Photo by Danny Clinch

July 11, 2012

Music Issue 2012: My Morning Jacket brings the world to Louisville

The day before My Morning Jacket’s co-curated Forecastle Festival lineup was announced, LEO printed a hypothetical list of performers. “I saw that article!” exclaims Patrick Hallahan, the band’s drummer and a driving force behind the local elements of this year’s festival. “I know it’s not hard to imagine; all you have to think is, ‘Who have they toured with?’ … You were pretty dead-on with a lot of it.”

The festival is Forecastle’s 10th anniversary in Louisville. “We wanted to make it a celebration of the city rather than (focusing) attention toward the band,” Hallahan says. “It’s a celebration of Louisville.”

A visit to San Francisco’s Outside Lands festival proved inspiring. While the Californians were proud to show off their wines, the Kentuckians plan to have bourbon showcased. “I was trying to get a batting cage in there as well,” laughs Hallahan. “But bourbon and batting cages started to sound like a bad mix.”

Both My Morning Jacket and Forecastle have incorporated local vendors, nonprofits and artists into past shows, so it was a marriage waiting to happen. Still, like any relationship, both parties brought some of their own needs into the union. Both festival producer AC Entertainment and Forecastle captain J.K. McKnight had their own lists.

“We had to counteract it as well as blend in with it,” Hallahan says, suggesting it was about “half and half” when it came to how many performers the band selected. “We definitely had our pick of the Louisville bands and the regional bands, and I think they were picking more headliner (level) acts.”

What’s surprising is that this is My Morning Jacket’s first Forecastle. “We were always on tour,” he says. “It took 10 years, but …”

The band will have a fixed set time of two-and-a-half hours when headlining Forecastle on Saturday, so Hallahan laughs at the suggestion that the band might try to top their four-hour Bonnaroo 2008 set.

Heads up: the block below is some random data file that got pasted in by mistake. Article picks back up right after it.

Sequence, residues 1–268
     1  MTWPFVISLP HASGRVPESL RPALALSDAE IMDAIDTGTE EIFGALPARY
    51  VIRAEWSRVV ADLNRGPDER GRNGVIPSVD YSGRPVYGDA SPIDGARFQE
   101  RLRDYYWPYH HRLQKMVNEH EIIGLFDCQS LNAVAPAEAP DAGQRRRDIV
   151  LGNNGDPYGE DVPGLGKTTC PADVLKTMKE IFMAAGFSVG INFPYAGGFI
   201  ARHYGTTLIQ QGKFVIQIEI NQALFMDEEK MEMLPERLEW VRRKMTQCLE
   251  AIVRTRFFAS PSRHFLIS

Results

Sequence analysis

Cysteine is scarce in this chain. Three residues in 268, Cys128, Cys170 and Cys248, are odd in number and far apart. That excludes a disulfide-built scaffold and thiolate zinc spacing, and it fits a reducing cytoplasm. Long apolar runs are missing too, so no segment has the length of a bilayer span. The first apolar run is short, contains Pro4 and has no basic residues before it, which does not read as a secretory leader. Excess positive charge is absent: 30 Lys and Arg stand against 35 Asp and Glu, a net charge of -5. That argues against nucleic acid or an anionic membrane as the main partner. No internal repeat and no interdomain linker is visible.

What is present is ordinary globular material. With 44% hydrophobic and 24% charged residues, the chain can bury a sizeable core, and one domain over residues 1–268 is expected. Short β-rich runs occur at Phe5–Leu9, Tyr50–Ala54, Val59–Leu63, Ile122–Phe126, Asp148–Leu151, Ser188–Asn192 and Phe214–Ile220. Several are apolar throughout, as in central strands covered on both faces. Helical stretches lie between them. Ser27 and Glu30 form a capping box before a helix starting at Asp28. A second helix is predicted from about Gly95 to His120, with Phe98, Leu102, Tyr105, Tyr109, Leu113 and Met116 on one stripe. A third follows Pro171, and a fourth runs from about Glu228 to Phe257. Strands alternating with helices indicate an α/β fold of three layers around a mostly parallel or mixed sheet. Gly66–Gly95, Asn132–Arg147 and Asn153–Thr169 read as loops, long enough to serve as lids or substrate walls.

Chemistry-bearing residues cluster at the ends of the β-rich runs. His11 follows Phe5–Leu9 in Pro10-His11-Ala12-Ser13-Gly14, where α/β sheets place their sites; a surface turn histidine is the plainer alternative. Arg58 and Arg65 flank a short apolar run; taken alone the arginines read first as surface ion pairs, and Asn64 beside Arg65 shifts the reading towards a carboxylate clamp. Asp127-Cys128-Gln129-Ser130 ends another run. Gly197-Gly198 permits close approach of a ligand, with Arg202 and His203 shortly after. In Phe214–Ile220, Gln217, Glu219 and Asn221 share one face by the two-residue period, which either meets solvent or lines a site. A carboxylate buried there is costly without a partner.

“The theme of this show, and this entire tour, is the Spontaneous Curation series,” where fan club members write in their wish list for songs they hope to hear. “It’s basically a set-list request line for (a) particular show. Honestly, we’ve received so much feedback for the Forecastle set, we could probably make 20 lists for that show.”

He laments that the Stax! Soul Revue, the all-star band of Memphis greats originally scheduled to play, had to cancel after the death of bassist Donald “Duck” Dunn, but he’s excited to once again see his new friends in The Head and the Heart (“a fantastic live band”). He’s also curious, like many, to see how Beach House bring their subtle sound to a large, outdoor audience. And he’s in awe of the Preservation Hall Jazz Band: “That goes without saying. If you don’t have a smile on your face while they’re playing, you don’t have a heart.”

He goes on to praise others — Dr. Dog, Andrew Bird, Neko Case, Kelly Hogan, Justin Townes Earle, Orchestre Poly-Rythmo, Charles Bradley & His Extraordinaires — displaying how thin the line between fan and star can be. “I haven’t seen King’s Daughters & Sons live yet, so I’m really looking forward to seeing them. I love everybody in that and have been a fan for years, and I love their album.” He also will be seeing ex-Jacket guitarist Johnny Quaid’s band The Ravenna Colt for the first time. “I’ll have rotten produce waiting for him,” he jokes.

It’s been a long, strange trip for Hallahan. His first “real” show in Louisville was circa 1995 at the Cardinal Inn. His band, Chocolate Jones and the Temple of Funk, opened for “probably Hedge” to a few dozen people “all on the perimeter, hanging out, waiting for Hedge to play,” Hallahan laughs. “We were doing our best Jesus Lizard rip-off we probably could, I think.”

Seventeen years later, even without a new album to promote, the drummer is pretty busy. The band just returned from a European tour, has more dates planned through the summer, and Hallahan will have to go out of his way to celebrate his daughter’s first birthday. It’s a big year, but he says, “I like a full plate.” It’s the 10th year for the festival, and Hallahan’s 10th year with the band, so “It’ll definitely be an emotional show for me.”